You end up with a light and fluffy oatmeal cereal that is not mushy. Keeps well in the fridge for several days. Let me know how you enjoyed this after you try it. It's a keeper.

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Fridays at dreamtyme studio

This week I think we will finish looking at the floor and area around the central gathering table. The table seats four folks comfortably and has a florescent light above it with lots of fun decorations, including glass dragonflies and a wonderful green fairy with feather wings. We have four folding chairs that I have put extra padding on for comfort and covered them using the decoTak Buttoneer to attach the fabric to the original cushion. Will show photos of that method on a later blog.

This floor was originally plain cement. I rolled the purple paint on and had a ton of fun putting the designs on. The yellow swirl was done with a small wisk broom. Most of the other designs were done with chunky stamps and rubber stamps.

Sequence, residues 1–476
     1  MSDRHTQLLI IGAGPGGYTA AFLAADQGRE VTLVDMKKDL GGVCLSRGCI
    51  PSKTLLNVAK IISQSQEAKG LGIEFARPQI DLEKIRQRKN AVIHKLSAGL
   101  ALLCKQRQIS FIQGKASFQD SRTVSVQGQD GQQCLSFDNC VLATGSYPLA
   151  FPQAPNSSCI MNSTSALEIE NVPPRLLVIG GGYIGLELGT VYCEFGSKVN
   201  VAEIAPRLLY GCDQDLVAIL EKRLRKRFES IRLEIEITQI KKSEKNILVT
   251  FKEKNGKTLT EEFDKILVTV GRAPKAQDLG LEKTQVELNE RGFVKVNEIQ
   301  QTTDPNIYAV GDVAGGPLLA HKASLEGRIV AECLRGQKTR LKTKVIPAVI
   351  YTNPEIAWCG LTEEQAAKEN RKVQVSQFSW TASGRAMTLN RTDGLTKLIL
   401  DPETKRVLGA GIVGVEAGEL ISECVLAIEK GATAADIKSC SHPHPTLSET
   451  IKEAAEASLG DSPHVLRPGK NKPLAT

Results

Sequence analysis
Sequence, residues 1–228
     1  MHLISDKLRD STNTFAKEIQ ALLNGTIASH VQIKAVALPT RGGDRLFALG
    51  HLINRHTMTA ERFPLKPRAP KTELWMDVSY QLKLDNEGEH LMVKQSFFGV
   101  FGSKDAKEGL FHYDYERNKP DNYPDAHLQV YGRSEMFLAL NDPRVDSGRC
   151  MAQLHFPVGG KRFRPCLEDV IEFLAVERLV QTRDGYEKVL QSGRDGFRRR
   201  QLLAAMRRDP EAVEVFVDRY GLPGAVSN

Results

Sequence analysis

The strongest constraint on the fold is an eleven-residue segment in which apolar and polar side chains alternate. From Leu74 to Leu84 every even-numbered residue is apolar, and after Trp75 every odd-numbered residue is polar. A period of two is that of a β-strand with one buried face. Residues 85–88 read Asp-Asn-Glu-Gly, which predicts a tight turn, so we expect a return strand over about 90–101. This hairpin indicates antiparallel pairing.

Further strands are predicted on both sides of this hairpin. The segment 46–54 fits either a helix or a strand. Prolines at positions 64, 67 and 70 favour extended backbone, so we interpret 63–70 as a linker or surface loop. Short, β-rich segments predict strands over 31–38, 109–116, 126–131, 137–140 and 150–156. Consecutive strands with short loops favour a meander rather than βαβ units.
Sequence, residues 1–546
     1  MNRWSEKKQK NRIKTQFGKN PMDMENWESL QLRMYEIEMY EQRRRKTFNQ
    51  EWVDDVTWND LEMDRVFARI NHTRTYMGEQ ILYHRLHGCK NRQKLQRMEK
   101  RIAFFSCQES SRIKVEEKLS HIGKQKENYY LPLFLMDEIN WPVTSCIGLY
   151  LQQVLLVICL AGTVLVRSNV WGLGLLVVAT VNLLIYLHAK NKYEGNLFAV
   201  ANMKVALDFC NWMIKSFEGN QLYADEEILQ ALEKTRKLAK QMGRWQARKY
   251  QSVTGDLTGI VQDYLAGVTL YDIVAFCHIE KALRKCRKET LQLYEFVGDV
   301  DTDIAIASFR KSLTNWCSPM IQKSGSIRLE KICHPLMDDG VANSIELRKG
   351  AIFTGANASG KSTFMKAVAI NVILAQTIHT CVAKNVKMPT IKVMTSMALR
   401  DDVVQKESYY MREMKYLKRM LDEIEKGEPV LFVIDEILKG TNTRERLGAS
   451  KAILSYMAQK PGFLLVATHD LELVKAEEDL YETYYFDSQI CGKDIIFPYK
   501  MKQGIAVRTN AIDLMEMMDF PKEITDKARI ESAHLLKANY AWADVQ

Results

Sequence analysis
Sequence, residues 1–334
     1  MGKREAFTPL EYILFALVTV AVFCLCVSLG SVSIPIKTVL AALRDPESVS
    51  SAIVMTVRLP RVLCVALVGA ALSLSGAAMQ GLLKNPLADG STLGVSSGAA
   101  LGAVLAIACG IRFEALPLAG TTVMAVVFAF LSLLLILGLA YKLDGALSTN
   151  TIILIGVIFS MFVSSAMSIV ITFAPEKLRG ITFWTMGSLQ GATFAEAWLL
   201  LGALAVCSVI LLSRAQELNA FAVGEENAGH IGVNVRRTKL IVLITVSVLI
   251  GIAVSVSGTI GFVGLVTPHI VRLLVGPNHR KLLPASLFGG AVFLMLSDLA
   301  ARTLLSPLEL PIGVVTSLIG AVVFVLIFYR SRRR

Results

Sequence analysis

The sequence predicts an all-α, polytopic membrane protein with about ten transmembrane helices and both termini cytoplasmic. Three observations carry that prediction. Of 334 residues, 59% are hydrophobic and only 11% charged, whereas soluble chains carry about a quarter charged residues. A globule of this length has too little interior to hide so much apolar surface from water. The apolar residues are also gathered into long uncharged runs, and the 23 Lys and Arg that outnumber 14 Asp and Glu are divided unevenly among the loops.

I didn't seal this floor after painting it and I am pleased with how well it has held up. Only in the area around my sewing table has the paint chipped away. In the lower photo you can see a crack in the floor, which is what cement tends to do in this area. There are a few cracks in the floor through out the studio, but no worries. A future plan is to fill them with clear caulking and insert beads into the crack so it looks like little streams of jewels moving through the studio. A summer project for sure-but will keep you posted.